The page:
Boaters may soon have access to a fuel dock in downtown Olympia for the first time in almost 15 years, under a proposal being presented at a public meeting on Monday.
The Port of Olympia is considering installing a fuel dock at Swantown Marina and will host a public meeting about the project at 6 p.m. Monday, Feb. 4.
The meeting will be held downtown at the Olympia Center, 222 Columbia St. NW., and will provide information about design, alternate locations considered and next steps in the process. A public comment period will be part of the meeting.
The proposal for the fuel dock dates back to 2008, when around 800 local boaters signed a petition in support of it. The Port did a study the following year, then hired an outside consultant to look at possible locations and come up with a preliminary design.
The last fuel dock in downtown Olympia was located at West Bay Marina and closed around 1998, said Bruce Marshall, the Port’s harbor director. The closest fuel dock to is now at Boston Harbor, about six miles north, and the next closest one is at Zittel’s Marina, about 12 miles away from downtown Olympia on Johnson Point.
Swantown Marina is the seventh largest in the state, Marshall said, and there are several other marinas around town, as well as the Olympia Yacht Club, that don’t have easy access to a fuel dock.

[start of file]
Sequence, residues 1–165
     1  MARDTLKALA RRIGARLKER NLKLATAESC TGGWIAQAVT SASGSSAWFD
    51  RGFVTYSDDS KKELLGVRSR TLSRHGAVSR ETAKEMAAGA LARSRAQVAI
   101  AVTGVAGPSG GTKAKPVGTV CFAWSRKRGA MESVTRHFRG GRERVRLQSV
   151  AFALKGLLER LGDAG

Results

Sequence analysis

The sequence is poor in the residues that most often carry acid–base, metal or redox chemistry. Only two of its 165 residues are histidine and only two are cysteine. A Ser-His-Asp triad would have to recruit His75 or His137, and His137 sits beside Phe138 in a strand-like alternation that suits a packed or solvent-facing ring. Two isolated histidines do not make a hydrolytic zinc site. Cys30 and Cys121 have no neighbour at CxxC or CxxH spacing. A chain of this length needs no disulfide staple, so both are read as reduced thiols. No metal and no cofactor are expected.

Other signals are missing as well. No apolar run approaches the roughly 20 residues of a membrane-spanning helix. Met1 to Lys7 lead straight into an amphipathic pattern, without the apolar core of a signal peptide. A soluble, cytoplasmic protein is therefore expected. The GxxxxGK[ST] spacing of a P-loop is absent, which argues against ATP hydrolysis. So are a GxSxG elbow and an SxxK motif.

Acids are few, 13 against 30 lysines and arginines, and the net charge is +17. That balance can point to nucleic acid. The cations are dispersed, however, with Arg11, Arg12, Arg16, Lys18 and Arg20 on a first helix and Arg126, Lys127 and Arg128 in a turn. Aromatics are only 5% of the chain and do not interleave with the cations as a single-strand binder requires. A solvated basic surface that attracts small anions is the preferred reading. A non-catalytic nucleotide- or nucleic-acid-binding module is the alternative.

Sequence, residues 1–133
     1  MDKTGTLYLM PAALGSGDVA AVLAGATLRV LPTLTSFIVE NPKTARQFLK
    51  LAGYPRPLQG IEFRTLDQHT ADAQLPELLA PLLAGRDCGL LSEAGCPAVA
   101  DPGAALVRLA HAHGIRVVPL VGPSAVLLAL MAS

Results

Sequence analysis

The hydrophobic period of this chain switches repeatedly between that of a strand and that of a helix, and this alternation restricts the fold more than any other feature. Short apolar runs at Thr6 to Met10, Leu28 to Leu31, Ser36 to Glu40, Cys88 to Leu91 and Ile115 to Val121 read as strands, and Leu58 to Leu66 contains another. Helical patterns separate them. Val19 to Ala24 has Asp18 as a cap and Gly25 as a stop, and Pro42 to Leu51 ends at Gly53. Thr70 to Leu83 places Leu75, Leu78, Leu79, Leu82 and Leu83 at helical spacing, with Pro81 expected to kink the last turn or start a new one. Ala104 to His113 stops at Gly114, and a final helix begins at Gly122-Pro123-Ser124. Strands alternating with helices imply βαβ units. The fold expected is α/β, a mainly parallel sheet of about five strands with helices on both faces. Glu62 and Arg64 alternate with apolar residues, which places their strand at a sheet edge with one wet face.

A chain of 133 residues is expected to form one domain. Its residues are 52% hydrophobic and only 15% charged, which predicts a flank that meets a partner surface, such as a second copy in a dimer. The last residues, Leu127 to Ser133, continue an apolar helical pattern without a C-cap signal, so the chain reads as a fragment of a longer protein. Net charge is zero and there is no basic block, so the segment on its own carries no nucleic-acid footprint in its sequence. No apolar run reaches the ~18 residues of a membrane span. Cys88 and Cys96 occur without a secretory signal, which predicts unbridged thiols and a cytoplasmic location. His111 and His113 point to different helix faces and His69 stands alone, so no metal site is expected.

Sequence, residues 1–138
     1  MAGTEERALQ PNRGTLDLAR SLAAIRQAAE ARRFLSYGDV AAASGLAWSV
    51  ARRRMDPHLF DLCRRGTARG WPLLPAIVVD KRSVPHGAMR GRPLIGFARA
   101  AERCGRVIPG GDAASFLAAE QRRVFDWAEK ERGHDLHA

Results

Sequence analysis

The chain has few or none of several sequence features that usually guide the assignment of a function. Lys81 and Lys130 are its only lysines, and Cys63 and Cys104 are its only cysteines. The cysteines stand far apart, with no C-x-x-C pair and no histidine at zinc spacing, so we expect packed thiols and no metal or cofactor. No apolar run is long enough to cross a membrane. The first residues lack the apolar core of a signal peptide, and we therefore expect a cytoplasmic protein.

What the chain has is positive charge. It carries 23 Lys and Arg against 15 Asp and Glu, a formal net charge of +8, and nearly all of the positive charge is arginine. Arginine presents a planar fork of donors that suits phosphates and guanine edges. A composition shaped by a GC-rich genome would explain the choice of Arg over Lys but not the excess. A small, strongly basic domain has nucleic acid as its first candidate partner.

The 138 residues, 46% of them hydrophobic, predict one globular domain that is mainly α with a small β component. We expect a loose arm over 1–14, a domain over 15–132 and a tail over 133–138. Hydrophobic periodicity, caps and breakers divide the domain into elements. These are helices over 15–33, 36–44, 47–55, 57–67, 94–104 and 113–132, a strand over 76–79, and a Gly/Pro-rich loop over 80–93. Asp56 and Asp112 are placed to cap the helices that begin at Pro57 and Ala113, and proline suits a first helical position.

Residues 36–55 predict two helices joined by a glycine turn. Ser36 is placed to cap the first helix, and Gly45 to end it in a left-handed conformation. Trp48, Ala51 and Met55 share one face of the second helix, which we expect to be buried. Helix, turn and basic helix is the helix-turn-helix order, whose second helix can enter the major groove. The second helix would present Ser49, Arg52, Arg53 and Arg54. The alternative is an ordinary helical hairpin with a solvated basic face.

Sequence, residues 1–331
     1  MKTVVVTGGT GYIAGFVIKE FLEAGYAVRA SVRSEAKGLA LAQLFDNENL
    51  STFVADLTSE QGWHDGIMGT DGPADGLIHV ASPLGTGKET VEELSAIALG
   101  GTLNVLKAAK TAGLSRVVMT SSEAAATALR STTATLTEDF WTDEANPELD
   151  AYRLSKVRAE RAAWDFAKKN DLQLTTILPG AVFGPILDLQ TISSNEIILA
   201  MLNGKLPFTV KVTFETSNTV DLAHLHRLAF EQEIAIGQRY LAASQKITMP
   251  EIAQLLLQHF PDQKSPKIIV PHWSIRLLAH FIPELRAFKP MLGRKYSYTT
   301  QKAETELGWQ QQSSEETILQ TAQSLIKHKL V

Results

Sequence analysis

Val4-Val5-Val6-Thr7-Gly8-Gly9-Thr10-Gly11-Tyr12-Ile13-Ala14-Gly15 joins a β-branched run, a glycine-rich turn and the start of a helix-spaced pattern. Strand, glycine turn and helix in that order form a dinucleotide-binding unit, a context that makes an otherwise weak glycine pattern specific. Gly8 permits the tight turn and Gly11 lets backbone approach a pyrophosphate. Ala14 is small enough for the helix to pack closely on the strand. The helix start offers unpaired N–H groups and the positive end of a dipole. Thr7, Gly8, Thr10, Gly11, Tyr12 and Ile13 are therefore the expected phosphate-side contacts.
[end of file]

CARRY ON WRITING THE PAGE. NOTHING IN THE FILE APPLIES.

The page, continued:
“There’s a huge demand for it,” he said. “From what our research shows, we are probably the biggest underserved boating market in the state without fuel.”
Joe Downing, an Olympia Yacht Club member who headed a citizens advisory committee that worked with the Port on the proposal, said a fuel dock at Swantown makes sense for both local boaters and those visiting the state capital from points north.
“They need X amount of fuel to get down here and X amount to get back,” he said. “It’s very nice to have a fuel dock at the furthermost point of the trip.”
Information from the consultant’s work and the public meeting will be presented to the Port’s three-member commission in the next few months. If the commission approves the fuel dock, construction is expected to start next year and the dock would likely be open for the 2015 boating season, Marshall said. The project is estimated to cost $1.2 to $1.5 million.
Public feedback about the proposal has so far been overwhelmingly positive, he said.
“We’re getting a lot of email comments, and well over 90 percent are in support of the fuel dock. We expect that trend to continue as we go into our public meeting.”
Downing encouraged boaters to come out to the meeting and provide feedback.
“We’re trying to drum up turnout for Monday’s meeting,” he said. “There definitely is a lot of demand.”